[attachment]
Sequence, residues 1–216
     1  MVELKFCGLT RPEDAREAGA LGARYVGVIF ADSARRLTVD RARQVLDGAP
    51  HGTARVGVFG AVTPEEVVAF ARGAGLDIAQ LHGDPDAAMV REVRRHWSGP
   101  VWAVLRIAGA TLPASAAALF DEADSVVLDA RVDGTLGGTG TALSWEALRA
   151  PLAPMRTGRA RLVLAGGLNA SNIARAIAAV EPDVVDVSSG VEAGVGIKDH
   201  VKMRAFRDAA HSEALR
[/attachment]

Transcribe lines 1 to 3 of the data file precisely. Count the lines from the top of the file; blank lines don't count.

Sequence, residues 1–216
     1  MVELKFCGLT RPEDAREAGA LGARYVGVIF ADSARRLTVD RARQVLDGAP
    51  HGTARVGVFG AVTPEEVVAF ARGAGLDIAQ LHGDPDAAMV REVRRHWSGP